11. This issue features in our briefing paper but it is such a principal concern for our members that we feel it appropriate to repeat the point in this submission. One reason some property owners are justifiably resistant to hosting equipment concerns the impact doing so has on their ability to redevelop their properties. The process of moving an operator’s equipment off a property often means redevelopment takes 6 to 12 months longer than it otherwise would.

12. This is because while the Code sets out a break right for the property owner of 18-months in cases where there is a settled intention to redevelop, a developer can expect to have to wait 24 months as an operator can seek a further 6 months in which to remove equipment. Furthermore, uncertainty exists if the operator cannot find a suitable alternative site, leaving the developer at the mercy of factors outside of their control.

13. A good example of this was when one of our members’ redevelopments was delayed by 18 months due to a legal dispute that broke out between an operator and the entity that was to provide a new site for the equipment, prior to the equipment being moved.

14. As recognised in the Government’s recent Levelling Up White Paper, our towns and cities are in need of substantial investment. Property owners will play a critical role in providing the investment and expertise to help places transform themselves, but barriers and obstacles such as that posed by the ECC’s development break right requirements will no doubt slow down such valuable activity.

15. Accordingly, we propose that the development break right offered in the Code be shortened to 12-months. Alternatively, there should be a requirement for the Upper Lands Tribunal to decide on any challenges to a break notice within a six month period to provide property owners with certainty as to when they will be able to regain control of their property for redevelopment.

Weak adherence to the OFCOM Code of Practice

16. As set out in our briefing paper, both parties need to use the Code of Practice more. This document helps both sides understand each other’s positions better. Like the standard template agreement, the Code of Practice was developed after much discussion between operator and property owner representatives.

17. Yet, some seemingly still ignore the responsibilities set out within it and we have, since the ECC’s introduction, continued to hear of examples of poor or disjointed operator conduct, including:

17.1. An operator approached a BPF member with a view to placing equipment on one of their buildings. Our member highlighted that they had disposed of substantially all of their interest by way of granting a 999 year lease and so could not provide the operator with access to the site. Ignoring this information, the operator sought a court order under section 26 of the ECC and served this on our member, even though their lack of economic interest in the property rendered it effectively meaningless.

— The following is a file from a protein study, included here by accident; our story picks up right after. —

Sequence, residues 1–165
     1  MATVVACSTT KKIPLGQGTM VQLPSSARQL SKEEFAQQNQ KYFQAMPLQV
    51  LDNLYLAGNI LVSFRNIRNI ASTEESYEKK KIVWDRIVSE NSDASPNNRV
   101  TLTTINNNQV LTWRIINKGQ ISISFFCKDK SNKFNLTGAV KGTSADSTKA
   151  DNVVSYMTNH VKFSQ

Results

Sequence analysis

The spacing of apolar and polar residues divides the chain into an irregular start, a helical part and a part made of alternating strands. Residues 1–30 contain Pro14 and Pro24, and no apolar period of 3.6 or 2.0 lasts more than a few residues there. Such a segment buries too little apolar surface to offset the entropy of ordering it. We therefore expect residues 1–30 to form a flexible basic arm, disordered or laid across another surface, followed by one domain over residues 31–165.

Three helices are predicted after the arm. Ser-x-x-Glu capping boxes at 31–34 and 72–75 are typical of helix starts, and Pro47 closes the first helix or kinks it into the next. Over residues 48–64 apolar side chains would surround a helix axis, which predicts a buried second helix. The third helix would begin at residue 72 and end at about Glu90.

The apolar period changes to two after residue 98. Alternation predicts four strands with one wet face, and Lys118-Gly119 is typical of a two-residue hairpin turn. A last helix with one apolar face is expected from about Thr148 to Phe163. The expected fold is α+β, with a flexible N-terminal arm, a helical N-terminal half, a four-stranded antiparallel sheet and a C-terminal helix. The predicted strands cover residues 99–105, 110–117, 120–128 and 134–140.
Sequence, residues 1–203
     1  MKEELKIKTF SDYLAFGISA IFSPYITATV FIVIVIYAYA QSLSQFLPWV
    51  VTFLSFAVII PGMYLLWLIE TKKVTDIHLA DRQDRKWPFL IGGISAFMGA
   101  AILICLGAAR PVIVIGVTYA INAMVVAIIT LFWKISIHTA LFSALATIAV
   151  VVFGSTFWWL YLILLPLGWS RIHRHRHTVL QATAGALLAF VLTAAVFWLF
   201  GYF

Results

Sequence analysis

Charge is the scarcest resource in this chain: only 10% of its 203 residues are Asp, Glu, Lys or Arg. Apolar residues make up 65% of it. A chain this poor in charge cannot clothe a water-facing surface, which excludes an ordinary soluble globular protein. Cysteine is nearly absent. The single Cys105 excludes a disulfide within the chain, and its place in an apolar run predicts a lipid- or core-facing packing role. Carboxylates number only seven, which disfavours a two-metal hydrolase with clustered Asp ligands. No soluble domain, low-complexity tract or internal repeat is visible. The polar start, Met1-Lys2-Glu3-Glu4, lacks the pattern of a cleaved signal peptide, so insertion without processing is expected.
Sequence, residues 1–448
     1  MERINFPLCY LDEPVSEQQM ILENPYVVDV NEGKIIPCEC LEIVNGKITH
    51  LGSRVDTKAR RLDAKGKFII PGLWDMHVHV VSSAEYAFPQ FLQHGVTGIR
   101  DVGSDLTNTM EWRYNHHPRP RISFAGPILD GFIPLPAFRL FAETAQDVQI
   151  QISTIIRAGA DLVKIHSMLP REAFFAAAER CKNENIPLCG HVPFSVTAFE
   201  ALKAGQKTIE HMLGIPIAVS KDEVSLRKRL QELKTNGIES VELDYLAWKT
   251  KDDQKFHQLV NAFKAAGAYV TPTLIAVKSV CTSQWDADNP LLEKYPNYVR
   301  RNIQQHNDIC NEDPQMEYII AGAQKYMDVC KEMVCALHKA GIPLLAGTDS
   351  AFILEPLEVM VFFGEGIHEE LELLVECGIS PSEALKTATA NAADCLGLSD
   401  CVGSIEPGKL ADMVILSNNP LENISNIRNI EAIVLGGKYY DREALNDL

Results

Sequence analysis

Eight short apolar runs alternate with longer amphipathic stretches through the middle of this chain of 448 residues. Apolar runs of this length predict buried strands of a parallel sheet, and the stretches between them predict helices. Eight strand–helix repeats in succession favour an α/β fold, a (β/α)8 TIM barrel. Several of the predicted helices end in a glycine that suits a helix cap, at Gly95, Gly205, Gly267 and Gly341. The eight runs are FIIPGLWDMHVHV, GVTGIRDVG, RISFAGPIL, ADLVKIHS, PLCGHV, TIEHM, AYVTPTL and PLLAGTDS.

17.2. Two adjoining sites in Southwark were subject to Multi-Skilled Visit (MSV) requests a number of months apart, notwithstanding that our member had highlighted to the operator that planning had been secured for redevelopment and site works were underway. The operator did not appear to be tracking responses, resulting in duplication of work and generally wasted effort on the part of our member in dealing with these applications.

17.3. A member had a few years ago agreed in principle a five year agreement with an operator for a site in Moorgate that is potentially up for redevelopment in 2027. This agreement seemed to "fall off the operator’s radar" until more recently the operator proposed a ten year term with a break after five years. This was not acceptable to our member as they will not know 18 months ahead of the end of the five year break whether they will be able to secure vacant possession to start development. Of concern is that the operator appeared to carry out a site survey without seeking authorisation from our member.

18. Consideration urgently needs to be given to whether the Code of Practice can be made more binding and there need to be clear avenues through which to complain about poor conduct. This is after all the telecoms operators’ own industry and they rely on property owners in order to broaden their coverage and reach their customers. If operators are held accountable for ensuring better communication with property owners the industry at large will benefit.

March 2022


Prepared 18th March 2022